For prospective candidates, the current economic climate is not the most welcoming.
Damian Wisniewski can certainly empathise. Having graduated from MIT Sloan School of Management in 2009, he emerged from his MBA into an economy severely affected by the global financial crash. But he managed to land a sales job with LinkedIn, where he would stay for four years. These days he’s heading up sales for Glow, an insurance services company specializing in workers’ compensation.
We spoke to Damian about the climate back then for MBA graduates, the lessons he learned, and asked about his advice for prospective students.
Value of an MBA in a Crisis
Read other stories of MBA graduates from the 2008 financial crash.
What was the climate like back in 2008 for MBAs?
I graduated from my undergrad degree in 2001—a similarly tough time—so I couldn’t believe it had happened to me again. But that allowed me to go into the 2008 recession eyes open. I wouldn’t say relaxed, but I knew what was coming having seen something similar before. In a financial downturn, you must be prepared to buckle down and work hard to find a job. It was stressful, and I knew it was going to be a long slog, but I was able to set my expectations appropriately knowing that it wasn’t going to be straightforward.
There was a 50/50 split in my class between those who had secured consulting and finance jobs early in their programs, and those who had to tough it out a lot to find their jobs. Overall though, I was able to go into my post-MBA career measured, having seen something similar back in 2001.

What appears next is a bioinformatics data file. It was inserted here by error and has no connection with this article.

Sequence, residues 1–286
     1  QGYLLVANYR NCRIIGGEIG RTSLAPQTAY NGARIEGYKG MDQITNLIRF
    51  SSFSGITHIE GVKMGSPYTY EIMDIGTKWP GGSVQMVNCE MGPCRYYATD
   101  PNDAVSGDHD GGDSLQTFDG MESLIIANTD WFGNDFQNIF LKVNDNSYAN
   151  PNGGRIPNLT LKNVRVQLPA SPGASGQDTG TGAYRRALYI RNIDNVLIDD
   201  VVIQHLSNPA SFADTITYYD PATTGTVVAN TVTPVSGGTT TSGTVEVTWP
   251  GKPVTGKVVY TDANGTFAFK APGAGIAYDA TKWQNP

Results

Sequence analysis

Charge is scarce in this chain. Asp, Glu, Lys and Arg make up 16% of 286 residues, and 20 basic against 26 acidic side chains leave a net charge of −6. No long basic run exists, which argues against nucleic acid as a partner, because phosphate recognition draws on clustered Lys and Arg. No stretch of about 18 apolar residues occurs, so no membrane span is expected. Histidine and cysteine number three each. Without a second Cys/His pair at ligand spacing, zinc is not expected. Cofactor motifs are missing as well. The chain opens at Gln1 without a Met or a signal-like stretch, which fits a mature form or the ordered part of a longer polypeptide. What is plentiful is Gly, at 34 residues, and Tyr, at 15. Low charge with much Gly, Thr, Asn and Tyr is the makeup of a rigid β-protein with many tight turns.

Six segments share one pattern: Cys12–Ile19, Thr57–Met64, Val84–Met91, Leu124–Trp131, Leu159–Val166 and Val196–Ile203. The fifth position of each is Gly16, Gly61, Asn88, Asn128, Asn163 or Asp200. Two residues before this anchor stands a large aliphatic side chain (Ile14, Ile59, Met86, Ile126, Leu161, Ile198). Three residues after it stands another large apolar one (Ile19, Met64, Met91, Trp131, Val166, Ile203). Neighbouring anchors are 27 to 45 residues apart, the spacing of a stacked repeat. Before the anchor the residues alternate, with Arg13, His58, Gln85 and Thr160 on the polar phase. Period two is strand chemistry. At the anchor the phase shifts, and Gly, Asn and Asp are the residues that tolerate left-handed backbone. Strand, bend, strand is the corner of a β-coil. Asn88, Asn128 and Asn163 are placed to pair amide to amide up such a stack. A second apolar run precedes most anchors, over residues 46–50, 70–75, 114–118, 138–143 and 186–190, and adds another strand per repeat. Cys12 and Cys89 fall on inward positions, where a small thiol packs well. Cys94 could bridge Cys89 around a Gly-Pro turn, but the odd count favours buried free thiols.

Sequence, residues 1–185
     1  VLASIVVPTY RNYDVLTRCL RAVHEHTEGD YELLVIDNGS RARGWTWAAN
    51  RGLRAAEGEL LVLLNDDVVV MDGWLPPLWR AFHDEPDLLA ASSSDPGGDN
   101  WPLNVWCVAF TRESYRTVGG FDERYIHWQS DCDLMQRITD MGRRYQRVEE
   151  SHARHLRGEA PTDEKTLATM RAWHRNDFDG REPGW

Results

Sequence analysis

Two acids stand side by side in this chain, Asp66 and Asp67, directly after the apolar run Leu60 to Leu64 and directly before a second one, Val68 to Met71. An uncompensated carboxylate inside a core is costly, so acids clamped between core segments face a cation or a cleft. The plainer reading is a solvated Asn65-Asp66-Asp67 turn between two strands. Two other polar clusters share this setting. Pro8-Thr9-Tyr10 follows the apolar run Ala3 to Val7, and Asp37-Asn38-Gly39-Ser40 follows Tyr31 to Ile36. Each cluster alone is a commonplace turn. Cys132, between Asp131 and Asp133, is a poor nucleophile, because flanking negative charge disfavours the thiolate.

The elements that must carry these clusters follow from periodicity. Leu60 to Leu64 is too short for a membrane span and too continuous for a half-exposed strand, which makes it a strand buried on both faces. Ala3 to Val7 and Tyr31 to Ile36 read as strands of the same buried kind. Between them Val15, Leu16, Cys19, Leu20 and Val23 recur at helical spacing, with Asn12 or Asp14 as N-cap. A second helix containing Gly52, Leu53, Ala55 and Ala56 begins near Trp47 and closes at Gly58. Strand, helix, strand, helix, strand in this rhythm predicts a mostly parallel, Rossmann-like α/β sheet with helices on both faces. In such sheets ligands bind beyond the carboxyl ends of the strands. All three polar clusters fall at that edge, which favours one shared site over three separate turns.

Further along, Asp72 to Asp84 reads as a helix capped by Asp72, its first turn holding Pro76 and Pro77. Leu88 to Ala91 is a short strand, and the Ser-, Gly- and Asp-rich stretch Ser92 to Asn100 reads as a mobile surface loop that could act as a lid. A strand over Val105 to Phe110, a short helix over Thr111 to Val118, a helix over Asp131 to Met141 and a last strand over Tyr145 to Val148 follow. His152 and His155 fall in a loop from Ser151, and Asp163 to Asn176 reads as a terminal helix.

What were your key takeaways and lessons learned?
One of the challenges I faced at MIT Sloan was that early on in my second year I had decided to go into sales. It was more non-traditional route than going into product management, or a typical tech role, so straightaway I knew I was building a path different to most. What I learned was that having that defined goal made for less distractions and I could focus on getting it done and finding a job. Maybe more people would’ve been willing to take a chance on me in a better economic environment, but I think it was good practice to take the harder road.
After my time at LinkedIn, to know that I could drum up business for myself in the hardest of times really helped me. To have that 2009 experience under my belt left me feeling well prepared for the future.
What advice would you give to prospective students?
You need to adjust your expectations when it comes to your timeline and how flexible you can be. But at the end of the day, you’re going to be OK. Sure, it’s going to be hard work and you’ll have to buckle down, but myself and my classmates ended up in career paths we’re happy with. You’ll look back on going through b-school in a time like this feeling satisfied how things pan out.
For me, it took six months to finally secure the job at LinkedIn. While it did require some luck in happening to meet the right contact, it was my own hard work that paid off in the end. You’ve got to trust in that.
Is now a good time to apply to business school?
This is the perfect time to do it! One of the good things about being in business during a crisis is that it really helps you understand in depth how the world can shift. A lot of our early finance classes back in 2007 seemed overly philosophical at the time, but less than a year later it all seemed very relevant.
After going through 2008, you realize that whenever the world enters a new crisis, you’re well prepared for drastic change. It gives you a much better sense of what to look out for. Having lived though the previous financial crash, you realize those experiences prepare you for whatever may be thrown at you in the future.
Main Article: Why Now Is A Good Time To Apply For Business School